Inmate Gets New Shot to Sue Over Missing Meals

     (CN) – A federal judge should have let the jury consider awarding nominal damages to a man who says he was not fed for five days in prison, the 8th Circuit ruled.
     Arthur Taylor is serving 25 years at Jefferson City Correctional Center for robbing a gas station at gun point.
     He claims that the prison failed to feed him for five consecutive days in September 2005 while trying to place him in a suitable cell.
     The Missouri Department of Corrections has a policy wherein a prisoner can switch cells by declaring his current cellmate an “enemy.” Officials at Jefferson City, a maximum-security facility, shackle such prisoners to a restraint bench until it can place them. Policy also dictates that prisoners can eat only in their cells.
     Taylor says he declared his cellmate an enemy on Sept. 9, 2005, and was restrained until the prison placed him in a new cell on Sept. 11.
     Taylor apparently fell asleep in his new cell, missed meal time, and then woke up only to get into another argument with his new cellmate. After declaring this new cellmate his enemy that day, Taylor was brought back to the bench and not fed until Sept. 15.
     A jury found for the prison officials on Taylor’s claims of Eighth and 14th Amendment violations, but the federal appeals court in St. Louis ruled Tuesday that Taylor deserves a new trial.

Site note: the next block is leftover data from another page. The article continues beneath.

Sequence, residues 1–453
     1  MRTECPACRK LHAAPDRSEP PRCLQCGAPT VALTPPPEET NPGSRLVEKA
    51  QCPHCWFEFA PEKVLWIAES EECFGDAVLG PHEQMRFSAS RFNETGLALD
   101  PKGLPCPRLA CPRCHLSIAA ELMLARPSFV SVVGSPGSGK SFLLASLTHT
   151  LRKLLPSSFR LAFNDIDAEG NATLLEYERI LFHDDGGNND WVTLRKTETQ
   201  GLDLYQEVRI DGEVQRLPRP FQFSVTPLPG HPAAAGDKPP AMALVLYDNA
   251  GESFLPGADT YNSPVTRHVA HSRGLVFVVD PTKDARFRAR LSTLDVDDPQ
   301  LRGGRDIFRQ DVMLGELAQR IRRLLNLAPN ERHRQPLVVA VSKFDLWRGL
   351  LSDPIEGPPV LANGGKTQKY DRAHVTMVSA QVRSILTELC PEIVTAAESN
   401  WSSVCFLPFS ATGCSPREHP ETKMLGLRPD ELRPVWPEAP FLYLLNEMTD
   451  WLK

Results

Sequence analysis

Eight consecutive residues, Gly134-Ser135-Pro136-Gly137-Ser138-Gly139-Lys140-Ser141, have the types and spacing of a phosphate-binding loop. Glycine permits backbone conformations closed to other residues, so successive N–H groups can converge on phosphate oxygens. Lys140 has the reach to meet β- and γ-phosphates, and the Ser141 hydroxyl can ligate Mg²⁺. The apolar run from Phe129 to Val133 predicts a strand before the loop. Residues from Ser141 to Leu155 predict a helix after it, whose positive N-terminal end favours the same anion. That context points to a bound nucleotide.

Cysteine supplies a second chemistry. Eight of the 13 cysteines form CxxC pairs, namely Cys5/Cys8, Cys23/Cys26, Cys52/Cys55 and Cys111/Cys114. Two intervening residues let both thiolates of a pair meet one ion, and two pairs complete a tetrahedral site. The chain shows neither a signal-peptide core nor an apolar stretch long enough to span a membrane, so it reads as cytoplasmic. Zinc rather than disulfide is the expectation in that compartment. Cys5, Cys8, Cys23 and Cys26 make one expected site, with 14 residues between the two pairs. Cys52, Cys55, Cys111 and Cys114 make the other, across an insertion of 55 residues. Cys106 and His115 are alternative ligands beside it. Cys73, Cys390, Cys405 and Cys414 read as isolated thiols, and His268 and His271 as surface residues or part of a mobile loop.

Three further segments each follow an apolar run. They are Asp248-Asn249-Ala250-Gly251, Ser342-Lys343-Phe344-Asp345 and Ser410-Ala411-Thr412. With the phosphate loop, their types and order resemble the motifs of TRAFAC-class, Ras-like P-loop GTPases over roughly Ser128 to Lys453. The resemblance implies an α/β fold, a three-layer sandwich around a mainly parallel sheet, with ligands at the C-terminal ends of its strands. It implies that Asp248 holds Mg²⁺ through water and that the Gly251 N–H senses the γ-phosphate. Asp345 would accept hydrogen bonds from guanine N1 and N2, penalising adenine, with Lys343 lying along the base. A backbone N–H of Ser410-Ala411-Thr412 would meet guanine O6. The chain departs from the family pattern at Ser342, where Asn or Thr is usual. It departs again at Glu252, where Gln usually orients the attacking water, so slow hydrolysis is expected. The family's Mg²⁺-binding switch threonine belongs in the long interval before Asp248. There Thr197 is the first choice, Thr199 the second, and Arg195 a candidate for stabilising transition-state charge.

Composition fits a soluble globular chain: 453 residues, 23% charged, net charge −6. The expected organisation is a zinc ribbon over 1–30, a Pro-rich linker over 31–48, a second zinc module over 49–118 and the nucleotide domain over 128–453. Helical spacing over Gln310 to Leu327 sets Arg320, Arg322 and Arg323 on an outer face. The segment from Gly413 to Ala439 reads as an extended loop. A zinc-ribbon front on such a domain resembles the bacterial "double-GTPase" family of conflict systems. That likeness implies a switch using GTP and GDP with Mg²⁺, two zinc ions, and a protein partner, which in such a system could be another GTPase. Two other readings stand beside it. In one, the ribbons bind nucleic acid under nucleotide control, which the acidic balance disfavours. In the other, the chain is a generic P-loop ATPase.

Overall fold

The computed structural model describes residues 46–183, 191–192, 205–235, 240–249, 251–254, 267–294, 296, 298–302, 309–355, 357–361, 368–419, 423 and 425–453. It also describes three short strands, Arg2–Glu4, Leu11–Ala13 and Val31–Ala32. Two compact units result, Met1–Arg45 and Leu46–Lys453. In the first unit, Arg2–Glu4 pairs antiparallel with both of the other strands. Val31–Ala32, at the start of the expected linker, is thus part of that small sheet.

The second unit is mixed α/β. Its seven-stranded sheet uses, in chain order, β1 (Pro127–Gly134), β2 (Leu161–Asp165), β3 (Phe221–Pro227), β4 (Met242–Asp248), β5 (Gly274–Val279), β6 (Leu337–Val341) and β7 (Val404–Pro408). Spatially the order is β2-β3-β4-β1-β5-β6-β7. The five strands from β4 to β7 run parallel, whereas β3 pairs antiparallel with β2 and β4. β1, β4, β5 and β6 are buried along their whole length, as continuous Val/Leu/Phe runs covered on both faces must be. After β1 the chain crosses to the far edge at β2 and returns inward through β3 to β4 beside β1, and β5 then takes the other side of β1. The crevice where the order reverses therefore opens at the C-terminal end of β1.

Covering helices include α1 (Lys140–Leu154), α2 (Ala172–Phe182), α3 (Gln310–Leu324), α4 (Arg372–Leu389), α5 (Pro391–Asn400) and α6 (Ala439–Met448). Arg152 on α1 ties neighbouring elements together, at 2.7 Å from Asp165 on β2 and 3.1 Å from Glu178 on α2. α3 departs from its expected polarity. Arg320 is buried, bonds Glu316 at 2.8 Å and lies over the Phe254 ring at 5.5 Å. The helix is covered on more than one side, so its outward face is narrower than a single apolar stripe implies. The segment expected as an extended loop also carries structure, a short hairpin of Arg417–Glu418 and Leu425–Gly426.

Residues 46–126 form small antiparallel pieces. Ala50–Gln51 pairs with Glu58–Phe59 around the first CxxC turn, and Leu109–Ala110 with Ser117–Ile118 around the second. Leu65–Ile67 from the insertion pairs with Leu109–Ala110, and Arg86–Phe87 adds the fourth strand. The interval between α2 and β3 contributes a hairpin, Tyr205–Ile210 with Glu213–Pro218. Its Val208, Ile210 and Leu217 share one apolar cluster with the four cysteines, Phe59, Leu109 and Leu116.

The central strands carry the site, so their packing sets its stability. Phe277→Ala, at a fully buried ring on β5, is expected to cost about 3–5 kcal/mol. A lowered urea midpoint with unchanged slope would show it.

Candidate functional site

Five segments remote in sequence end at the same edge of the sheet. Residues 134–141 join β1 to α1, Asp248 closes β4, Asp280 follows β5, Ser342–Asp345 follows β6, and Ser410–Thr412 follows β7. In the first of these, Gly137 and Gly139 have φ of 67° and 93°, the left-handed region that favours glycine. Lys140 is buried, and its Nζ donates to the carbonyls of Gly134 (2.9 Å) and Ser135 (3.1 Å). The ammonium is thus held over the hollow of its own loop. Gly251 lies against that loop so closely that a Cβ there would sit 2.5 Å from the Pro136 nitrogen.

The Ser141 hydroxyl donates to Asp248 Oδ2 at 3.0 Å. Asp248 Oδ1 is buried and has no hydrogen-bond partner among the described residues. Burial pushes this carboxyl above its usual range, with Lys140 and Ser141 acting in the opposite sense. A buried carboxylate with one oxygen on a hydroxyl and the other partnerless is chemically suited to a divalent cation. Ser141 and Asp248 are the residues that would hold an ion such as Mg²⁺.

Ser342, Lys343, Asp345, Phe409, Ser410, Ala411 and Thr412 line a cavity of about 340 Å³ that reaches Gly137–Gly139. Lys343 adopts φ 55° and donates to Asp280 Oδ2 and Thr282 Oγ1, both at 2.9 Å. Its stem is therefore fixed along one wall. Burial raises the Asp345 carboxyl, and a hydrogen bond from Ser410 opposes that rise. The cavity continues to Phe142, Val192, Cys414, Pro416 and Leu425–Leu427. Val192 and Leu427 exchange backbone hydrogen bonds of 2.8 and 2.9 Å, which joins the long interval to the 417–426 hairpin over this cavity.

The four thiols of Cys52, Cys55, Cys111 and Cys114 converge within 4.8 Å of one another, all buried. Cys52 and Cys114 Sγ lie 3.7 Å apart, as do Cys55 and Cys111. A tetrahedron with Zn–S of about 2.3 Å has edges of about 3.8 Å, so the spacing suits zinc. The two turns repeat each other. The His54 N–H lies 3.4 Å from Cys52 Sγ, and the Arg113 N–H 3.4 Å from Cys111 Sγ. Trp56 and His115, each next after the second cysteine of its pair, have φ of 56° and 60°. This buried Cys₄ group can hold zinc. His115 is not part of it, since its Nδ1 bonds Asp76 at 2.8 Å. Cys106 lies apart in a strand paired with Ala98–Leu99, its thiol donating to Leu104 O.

According to the 8th Circuit model jury instructions, “nominal damages must still be submitted in Eight Amendment cases if requested.”
     The prison officials argued that the error was harmless because the jury found in their favor, but the court disagreed.
     “Under the instruction the District Court gave, damages are a required element of a verdict in favor of Taylor,” Judge William Benton wrote for a three-member panel.
     “None of the instructions mentioned nominal damages,” Benton added. “The damages instruction also stated: ‘Remember, throughout your deliberations you must not engage in any speculations, guess, or conjecture and you must not award any damages under this Instruction by way of punishment or through sympathy.’ In the absence of a nominal damages instruction, the instructions misled the jury.”

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